Further advantages consist in the conversion of all of
with HNO; and H3804, HNO3 being used in excess to
the potassium present in the raw materials into potassium
Tartaric raw materials which originate from wine manu
6
By reacting low grade material as illustrated in Ex
assure complete extraction of tartaric acid and, therefore,
complete recovery of KNO3, and to the treatment of add
ed high grade tartaric materials by taking advantage of
the excessive nitric acid which has been added.
ample 2, no excess of nitric acid, but an excess of sul
phuric acid must be employed, which will be precipitated
as CaSO4. H2O together with calcium tartrate during
neutralization of the acid mixture with calcium carbonate.
Example 1
According to what is hereinbefore described, the treat
Tartaric materials employed:
ment by percolation in a double-bottom vessel or in a
column assures excellent extraction yields and eliminates
Low grade materials containing—l00 kg. tartaric acid
the necessity of ?ltering the solutions. Moreover, the
(80 kg. in form of potassium bitartrate and 20 kg. in
10 invention permits operation in the cold with the raw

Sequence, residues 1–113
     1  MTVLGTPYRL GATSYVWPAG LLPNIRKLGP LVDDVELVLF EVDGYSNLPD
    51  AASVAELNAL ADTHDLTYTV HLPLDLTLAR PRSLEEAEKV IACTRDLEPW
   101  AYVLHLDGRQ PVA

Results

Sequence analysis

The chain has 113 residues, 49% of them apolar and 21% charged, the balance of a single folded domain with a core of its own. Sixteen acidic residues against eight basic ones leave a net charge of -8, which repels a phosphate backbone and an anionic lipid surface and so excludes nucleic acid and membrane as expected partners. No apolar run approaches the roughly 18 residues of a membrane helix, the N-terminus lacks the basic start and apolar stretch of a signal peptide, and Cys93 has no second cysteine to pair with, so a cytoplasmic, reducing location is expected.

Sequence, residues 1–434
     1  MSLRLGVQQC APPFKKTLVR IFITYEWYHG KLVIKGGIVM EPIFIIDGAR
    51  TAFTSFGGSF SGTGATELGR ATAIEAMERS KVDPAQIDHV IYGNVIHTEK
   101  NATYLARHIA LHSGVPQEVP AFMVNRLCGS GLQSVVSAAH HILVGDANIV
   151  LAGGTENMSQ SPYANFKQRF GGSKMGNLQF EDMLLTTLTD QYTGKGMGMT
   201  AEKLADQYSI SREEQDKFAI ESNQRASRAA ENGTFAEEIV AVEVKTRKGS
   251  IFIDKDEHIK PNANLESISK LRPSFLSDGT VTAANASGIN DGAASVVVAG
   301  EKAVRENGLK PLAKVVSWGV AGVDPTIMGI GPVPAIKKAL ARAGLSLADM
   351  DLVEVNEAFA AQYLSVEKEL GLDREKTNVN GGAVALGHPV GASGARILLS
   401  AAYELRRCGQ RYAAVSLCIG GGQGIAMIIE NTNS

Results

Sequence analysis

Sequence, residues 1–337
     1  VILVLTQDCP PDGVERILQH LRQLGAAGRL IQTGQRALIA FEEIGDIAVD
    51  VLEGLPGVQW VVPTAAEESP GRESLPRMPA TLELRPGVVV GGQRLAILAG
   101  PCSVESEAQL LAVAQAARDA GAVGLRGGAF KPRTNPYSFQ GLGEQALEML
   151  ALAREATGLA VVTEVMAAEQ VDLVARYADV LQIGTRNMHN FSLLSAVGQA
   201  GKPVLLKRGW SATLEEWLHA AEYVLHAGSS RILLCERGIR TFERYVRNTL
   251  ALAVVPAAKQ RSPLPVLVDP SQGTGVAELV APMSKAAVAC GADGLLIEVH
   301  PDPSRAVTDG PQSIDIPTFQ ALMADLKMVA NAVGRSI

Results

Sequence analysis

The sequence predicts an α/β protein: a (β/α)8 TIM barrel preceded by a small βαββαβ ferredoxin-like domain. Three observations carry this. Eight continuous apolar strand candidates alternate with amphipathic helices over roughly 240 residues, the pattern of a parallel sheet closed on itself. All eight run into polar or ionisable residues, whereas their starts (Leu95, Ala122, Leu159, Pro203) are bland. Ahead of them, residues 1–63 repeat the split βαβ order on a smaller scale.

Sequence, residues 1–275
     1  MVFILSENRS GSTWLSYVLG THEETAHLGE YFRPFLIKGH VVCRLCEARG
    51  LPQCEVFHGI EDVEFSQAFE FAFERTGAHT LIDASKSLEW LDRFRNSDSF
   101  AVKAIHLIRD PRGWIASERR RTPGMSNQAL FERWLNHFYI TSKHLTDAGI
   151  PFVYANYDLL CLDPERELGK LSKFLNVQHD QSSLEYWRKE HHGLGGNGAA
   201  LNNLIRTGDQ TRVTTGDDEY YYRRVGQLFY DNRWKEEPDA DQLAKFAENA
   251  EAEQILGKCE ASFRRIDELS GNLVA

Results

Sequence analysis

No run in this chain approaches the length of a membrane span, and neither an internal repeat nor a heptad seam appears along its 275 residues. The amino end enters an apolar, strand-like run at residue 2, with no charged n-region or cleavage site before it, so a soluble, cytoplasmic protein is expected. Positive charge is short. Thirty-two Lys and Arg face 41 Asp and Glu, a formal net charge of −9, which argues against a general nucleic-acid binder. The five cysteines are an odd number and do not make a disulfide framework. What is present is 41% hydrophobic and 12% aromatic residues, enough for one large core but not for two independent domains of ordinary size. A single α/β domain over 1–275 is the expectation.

form of calcium tartrate)
materials as they are, without any previous roasting; all
High grade materials-76.7 kg. tartaric acid (69 kg. in
available raw materials can be used and practically all
form of potassium bitartrate and 7.7 kg. in form of
potassium can be recovered as very pure potassium
calcium tartrate)
H2804; in an amount equivalent to the calcium tartrate
contained in the low grade materials-13.1 kg. (100% 15
nitrate.
Elimination of the roasting process prevents the loss
of any tartaric acid and the resulting solutions can be
H2504)
HNO3; in an amount equivalent to the bitartrate contained
in the entire material—64.1 kg. (100%_HNO3)
To the acid mixture an amount of water is added in order
to have the following concentrations of the acids
readily decolorized:
We claim:
'
1. A process for extracting tartaric acid and potassium
20 in the form of potassium nitrate from tartaric materials,
which comprises treating low grade tartaric material,
containing potassium bitartrate and calcium tartrate, hav
'HNO3 90 g./liter; H2SO4 18.5 g./liter.
CaCO3; used for precipitating calcium tartrate-109 kg.
ing a tartaric content of about 15 to 25% calculated